I have often written about the atmosphere of reading, how the presence of books in the home, parents who read, and reading aloud to children makes reading a way of life for them, so I don’t know why I am chagrined by my grown children commenting, when some offhand remark about audio books occurs, “The sound of my childhood.” Perhaps it is because I fear that the droning of my cassette player was a barrier to my availability to them. Their background noise was not TV, but the voices of my favorite narrators as I cooked or did housework. In self-defense, I assure you I never used earphones; That would have been negligence as, for a blind mother, ears are most crucial for “keeping an eye” on the children.
Listening to books was a way of life for me, long, long before it became popular. In 1960, when my “talking book machine” arrived in the mail from the state Library for the Blind – an enormous boxy machine that played records on three speeds for special longer playing records, my parents were more excited than I was, because I didn’t know what an enormous world was about to unfold for me with this access to literature.
Thus it was that I became a reader of books by ear, though, gratefully, I later learned to read Braille and prefer that format. Probably four-fifths of the books I read in a year, however, are still recorded books. For me, as an insatiable reader, it is a matter of survival since relatively few books are produced in Braille anymore.
When I read The Shallows, What the Internet is Doing to our Brains by Nicholas Carr, I was surprised to learn that the neural pathways in the brain that are formed by the reading of print material are the same in blind readers of Braille. The tracks formed by those who read aurally, on the other hand, are not the same. Though I’m delighted with the proliferation of audio books and their wide use, this raises a concern, especially their use with children. Children are natural story lovers, and listening to books in the car, at bedtime, or as they play is one way of nourishing them. Yet the alarming decline in reading for pleasure is not being offset by this kind of reading, I’m afraid. The two ways of reading are not alike, as mentioned. Will children develop true habits of reading if they are consuming primarily audio books?
Neil Postman, in Amusing Ourselves to Death, intrigued me with his description of earlier eras when crowds were accustomed to listen to long orations of two to four hours length, whether sermons or political speeches. Further back, the reading of the Book of the Law must have taken considerable time, and that all-day Sermon on the Mount had the intently listening multitude fainting with hunger. Nowadays, to listen to more than a 20 minute lecture or sermon wearies the audience. Our aural skills have declined.
Our children need hours and hours of practice reading with their eyes if they are to truly become book readers. In our fast-paced lifestyle, having books in the car’s CD player is convenient, and I would never discourage children from listening to books for pleasure anytime, (a definite improvement over screen time) but only mention that the different formats utilize different areas of the brain, and listening to books is not necessarily a substitute for holding one in the hand and reading it.
Visual reading is a skill and a habit that takes constant practice to develop proficiency. Listening to books is akin to standing in a river while the current flows around you; reading the book for yourself is like swimming that river. Once children can read, they ought to read for themselves as much as possible to ensure a life-long habit. Though I add, without having researched for scientific data to back me, a live person, rather than a recorded one, reading to a child increases their interest and absorption far more than a recorded voice. While recorded books have their place, they are no substitute for taking time to sit down to read together. Children benefit from this interaction both intellectually and emotionally.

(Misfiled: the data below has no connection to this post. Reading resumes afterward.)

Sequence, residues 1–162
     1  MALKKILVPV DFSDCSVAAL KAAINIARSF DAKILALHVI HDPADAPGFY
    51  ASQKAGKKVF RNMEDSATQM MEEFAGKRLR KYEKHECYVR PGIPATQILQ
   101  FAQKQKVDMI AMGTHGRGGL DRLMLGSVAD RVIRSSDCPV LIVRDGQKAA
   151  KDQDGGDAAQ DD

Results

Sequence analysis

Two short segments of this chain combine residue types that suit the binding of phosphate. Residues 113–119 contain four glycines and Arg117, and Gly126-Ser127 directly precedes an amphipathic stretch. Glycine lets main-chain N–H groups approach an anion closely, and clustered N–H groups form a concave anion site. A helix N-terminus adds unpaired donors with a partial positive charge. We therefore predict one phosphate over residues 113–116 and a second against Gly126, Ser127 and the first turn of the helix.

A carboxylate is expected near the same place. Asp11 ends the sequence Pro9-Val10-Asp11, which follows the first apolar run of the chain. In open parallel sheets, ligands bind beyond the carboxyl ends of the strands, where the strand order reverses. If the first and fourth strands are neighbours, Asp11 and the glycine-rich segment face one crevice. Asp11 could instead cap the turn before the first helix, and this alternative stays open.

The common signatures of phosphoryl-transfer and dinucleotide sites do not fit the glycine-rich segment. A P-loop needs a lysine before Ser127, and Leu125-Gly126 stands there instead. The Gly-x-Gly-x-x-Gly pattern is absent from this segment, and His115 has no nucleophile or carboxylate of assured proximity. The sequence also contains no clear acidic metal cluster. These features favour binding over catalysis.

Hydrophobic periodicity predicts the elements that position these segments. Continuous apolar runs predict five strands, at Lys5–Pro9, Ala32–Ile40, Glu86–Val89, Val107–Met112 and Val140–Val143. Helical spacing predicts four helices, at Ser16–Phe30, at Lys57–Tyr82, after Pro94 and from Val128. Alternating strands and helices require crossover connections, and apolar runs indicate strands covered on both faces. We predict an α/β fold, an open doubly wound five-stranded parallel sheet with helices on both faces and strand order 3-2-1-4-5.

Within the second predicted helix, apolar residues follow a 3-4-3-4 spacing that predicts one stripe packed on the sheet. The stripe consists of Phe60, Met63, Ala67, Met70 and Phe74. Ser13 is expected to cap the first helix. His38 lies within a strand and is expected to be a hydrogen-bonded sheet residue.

These are some thoughts I have had on this subject of audio books for children. I am not advocating dispensing with audiobooks, just offering some cautionary considerations for their wise and discriminate use. Reading is wonderful in all ways. “He who has ears to hear,” let him understand that eyes are a gift that should not be neglected.
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Patty Sommer says
Oh Liz, thank you so much for this! My oldest is a dyslexic, just like here daddy, and reading has been a long, tough road for us. For reasons I could never quite put my finger on, I’ve really balked against the idea of audio books. I didn’t think they were bad, I was just so afraid she’d never learn to work for the real thing if she didn’t have to. Thanks for helping me see that it was good to hesitate before diving in. Appreciated your words today!
Beth Hollmann says
Liz, you don’t need scientific evidence to prove what you know from experience. I completely agree, having a live person read aloud engages a child on an entirely different level. I believe it is not least because someone has taken their time to invest in and engage with the child. My son is far too busy for audio books most of the time, unless stuck in the car, but when Mom or a sister sit down to read with him, he is always ready for a story!
We love audio books here, and they’ve saved us on many a long car trip. I love to listen while I’m in the kitchen, too. However, most of the time, we read boos with our eyes, and if we’re having trouble with a particularly difficult book, we will listen along while we read.
Thank you so much for your thoughtful post!
Thea Rosenburg says
Beautiful post! I love Neil Postman’s book and appreciate your perspective on this. Audio books are a great supplement to reading out loud, I agree, but are no true substitute for a cozy lap and familiar voice 🙂